HARRISBURG, Pa. (WTAJ) — Secretaries from the state Departments of Agriculture and Transportation (PennDOT) highlighted the link the two industries share to each other and the state economy.
During the meeting, PennDOT Secretary Yassmin Gramian discussed the progress on the department’s Road Maintenance and Preservation (Road MaP) initiative, which included improvements on lower traffic roadways like the ones used by the state’s agricultural industry.
“We’ve been forced to move funding from lower-traffic roadways to interstates or other high-traffic roads, and we’re doing what we can to address this problem,” Gramian said.
According to studies done by the department, 26% of the PennDOT-owned roads that are not interstates or part of the National Highway System are rated as “poor” on the International Roughness Index. On roadways with fewer than 2,000 vehicles, the number increases to 33%.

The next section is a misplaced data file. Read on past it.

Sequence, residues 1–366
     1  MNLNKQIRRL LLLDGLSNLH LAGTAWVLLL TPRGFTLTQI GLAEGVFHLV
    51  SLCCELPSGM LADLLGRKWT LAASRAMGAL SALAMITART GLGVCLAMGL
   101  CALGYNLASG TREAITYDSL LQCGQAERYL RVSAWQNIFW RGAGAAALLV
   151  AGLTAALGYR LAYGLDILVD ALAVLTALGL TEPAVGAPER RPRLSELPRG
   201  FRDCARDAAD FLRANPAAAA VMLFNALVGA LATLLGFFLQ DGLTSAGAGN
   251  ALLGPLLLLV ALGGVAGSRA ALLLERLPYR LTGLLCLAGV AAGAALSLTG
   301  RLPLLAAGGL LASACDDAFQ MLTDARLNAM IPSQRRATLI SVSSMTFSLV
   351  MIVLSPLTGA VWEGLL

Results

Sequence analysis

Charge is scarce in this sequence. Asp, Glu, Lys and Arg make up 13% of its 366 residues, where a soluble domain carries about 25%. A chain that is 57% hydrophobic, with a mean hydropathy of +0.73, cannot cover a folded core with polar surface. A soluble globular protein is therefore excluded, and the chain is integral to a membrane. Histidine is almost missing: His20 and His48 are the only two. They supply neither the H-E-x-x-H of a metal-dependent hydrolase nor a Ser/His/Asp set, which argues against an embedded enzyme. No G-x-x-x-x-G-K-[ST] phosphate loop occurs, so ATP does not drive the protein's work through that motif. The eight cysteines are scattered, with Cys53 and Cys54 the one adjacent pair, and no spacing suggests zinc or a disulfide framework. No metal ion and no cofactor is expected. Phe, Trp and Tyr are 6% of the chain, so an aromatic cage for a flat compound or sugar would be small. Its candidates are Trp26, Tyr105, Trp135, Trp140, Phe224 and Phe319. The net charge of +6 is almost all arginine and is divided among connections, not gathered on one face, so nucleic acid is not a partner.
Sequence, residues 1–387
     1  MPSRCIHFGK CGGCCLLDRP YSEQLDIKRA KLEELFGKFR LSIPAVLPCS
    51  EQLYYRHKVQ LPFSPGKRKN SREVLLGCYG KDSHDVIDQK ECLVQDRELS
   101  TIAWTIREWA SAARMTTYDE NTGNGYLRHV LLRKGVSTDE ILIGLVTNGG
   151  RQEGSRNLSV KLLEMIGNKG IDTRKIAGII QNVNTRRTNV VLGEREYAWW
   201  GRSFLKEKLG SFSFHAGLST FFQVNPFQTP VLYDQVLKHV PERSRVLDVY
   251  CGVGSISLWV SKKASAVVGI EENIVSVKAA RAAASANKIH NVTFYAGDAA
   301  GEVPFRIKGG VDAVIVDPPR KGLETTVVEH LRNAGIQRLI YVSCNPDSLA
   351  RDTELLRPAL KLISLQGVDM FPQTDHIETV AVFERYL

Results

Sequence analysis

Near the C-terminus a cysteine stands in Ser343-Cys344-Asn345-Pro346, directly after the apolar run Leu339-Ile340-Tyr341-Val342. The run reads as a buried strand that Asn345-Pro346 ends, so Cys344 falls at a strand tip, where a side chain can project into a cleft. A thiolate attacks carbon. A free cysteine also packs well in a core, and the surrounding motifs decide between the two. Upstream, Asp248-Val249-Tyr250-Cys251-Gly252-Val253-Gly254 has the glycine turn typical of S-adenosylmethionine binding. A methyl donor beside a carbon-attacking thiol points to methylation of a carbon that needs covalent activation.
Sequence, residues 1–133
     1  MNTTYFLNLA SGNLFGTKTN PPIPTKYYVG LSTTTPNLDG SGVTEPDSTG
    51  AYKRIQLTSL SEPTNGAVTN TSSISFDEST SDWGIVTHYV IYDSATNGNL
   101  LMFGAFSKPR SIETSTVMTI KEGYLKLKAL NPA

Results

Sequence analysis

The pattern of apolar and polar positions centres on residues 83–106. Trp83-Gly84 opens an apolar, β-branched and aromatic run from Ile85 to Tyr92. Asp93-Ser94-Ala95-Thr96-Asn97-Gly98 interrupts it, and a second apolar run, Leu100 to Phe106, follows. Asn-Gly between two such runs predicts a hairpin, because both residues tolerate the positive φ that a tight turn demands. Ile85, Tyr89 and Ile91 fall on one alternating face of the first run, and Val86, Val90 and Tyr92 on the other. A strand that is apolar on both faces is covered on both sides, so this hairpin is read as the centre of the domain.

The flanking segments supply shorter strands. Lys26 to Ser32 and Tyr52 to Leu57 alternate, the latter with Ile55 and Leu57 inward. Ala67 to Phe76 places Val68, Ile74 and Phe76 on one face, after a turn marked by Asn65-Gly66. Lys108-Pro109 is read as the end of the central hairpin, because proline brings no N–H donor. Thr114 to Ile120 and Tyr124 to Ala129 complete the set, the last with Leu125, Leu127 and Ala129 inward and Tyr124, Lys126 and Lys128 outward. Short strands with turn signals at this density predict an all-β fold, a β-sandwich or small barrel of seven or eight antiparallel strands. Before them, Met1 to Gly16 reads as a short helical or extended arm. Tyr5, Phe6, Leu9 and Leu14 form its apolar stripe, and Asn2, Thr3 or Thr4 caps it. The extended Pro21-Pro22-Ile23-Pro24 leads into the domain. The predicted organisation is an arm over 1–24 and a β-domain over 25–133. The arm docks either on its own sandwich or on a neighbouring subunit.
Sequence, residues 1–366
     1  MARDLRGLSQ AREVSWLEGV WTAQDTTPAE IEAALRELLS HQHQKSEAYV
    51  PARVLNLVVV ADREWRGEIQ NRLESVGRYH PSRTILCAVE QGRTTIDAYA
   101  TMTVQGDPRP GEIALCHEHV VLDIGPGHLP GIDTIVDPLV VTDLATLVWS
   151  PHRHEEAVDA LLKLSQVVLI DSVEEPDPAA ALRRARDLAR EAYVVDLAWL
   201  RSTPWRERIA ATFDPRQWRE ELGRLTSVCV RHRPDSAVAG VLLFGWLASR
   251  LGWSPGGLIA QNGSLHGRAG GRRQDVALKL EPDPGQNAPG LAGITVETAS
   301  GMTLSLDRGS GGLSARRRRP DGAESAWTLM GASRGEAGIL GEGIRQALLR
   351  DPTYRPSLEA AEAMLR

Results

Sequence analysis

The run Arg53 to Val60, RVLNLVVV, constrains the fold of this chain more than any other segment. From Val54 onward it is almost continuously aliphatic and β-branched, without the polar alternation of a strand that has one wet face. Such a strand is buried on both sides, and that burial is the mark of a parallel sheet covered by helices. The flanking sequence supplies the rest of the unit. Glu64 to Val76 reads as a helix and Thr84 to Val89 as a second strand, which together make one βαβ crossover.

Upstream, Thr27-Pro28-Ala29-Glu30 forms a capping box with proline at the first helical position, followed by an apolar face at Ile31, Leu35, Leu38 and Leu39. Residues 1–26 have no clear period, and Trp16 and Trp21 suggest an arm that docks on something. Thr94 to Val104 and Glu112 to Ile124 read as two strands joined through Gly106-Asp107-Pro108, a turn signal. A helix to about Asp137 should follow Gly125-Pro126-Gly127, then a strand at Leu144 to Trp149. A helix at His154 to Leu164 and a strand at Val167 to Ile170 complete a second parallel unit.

“Investing in transportation infrastructure strengthens competitiveness across the agriculture industry. It ensures farmers, agribusinesses and food processors can safely navigate and transport items to market and into a global economy,” said Agriculture Secretary Russell Redding.
On March 12, Governor Wolf signed an executive order establishing the commission, which was tasked with developing comprehensive funding recommendations for Pennsylvania’s vast transportation network.
The TROC included transportation, economic, and community stakeholders from the public and private sectors, including majority and minority leaders from the House and Senate Transportation and Appropriations committees.
The TROC report submitted to the Governor and General Assembly on July 30 presents an overview of transportation funding in Pennsylvania and outlines the commission’s review of several potential revenue sources including road user charges, tolling, redirection of funding, fees, and taxes.
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